I suspect you know what it is like to be "running on empty." I sure do! There are certain activities that just drain the energy out of me (long meetings, endless discussions over matters that seem insignificant, etc.) Sometimes the pace is fast, full, and constant. At some point, I begin to feel empty.
Fil Anderson has written a fine work entitled Running On Empty. Early in the book, he writes:
…The greatest threats I’ve encountered are not the arguments of skeptics or the lure of drink, drugs, or sex. The greatest threats are the constant busyness and frantic hurry that demand my allegiance. Author Robert Benson says, "We take our place in the race and watch our lives disappear in the daily grind." We rarely are grounded in the present moment (where God is to be encountered) because we’re always rushing out beyond it or replaying in our minds our disappointing past. Shame and sadness over our dark past drives us to strive for a brighter future, which generally winds up being busier rather than better. (pp. 19-20)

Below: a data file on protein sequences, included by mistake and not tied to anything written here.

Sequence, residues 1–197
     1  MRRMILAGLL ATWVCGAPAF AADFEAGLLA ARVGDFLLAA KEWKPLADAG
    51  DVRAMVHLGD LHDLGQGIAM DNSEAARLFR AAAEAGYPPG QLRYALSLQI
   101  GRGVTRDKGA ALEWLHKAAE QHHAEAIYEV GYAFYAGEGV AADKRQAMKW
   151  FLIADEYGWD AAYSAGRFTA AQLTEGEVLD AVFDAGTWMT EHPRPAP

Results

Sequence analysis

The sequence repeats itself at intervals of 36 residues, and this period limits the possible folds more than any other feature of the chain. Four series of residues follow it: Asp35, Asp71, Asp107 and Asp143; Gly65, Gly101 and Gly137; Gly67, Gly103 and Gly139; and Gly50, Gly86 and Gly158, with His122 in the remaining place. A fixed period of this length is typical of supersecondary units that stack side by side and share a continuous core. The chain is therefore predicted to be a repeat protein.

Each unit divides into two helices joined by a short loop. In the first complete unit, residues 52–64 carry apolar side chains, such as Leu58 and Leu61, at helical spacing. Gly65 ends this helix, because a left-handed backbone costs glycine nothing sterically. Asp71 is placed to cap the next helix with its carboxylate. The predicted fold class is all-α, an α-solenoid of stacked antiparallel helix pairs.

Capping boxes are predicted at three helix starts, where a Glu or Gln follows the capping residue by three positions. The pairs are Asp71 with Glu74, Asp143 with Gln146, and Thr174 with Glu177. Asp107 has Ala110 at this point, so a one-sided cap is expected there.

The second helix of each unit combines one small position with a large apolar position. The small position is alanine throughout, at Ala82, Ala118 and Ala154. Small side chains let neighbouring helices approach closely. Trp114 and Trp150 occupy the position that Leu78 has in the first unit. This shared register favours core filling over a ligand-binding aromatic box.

…The crazy truth is that as much as we complain about it, we actually want to be seduced by busyness. But why do we love the killer? In part, it’s because when we’re busy, we don’t have to think about important matters we prefer to avoid. Busyness enables us to quiet the voice of the deeper issues that trouble and haunt us. Plus busyness makes us feel important. Everyone prefers action and adventure to boredom. (p. 20)
(Fil Anderson, Running On Empty)
Does this sound familiar at all? Is busyness seductive? What does it promise?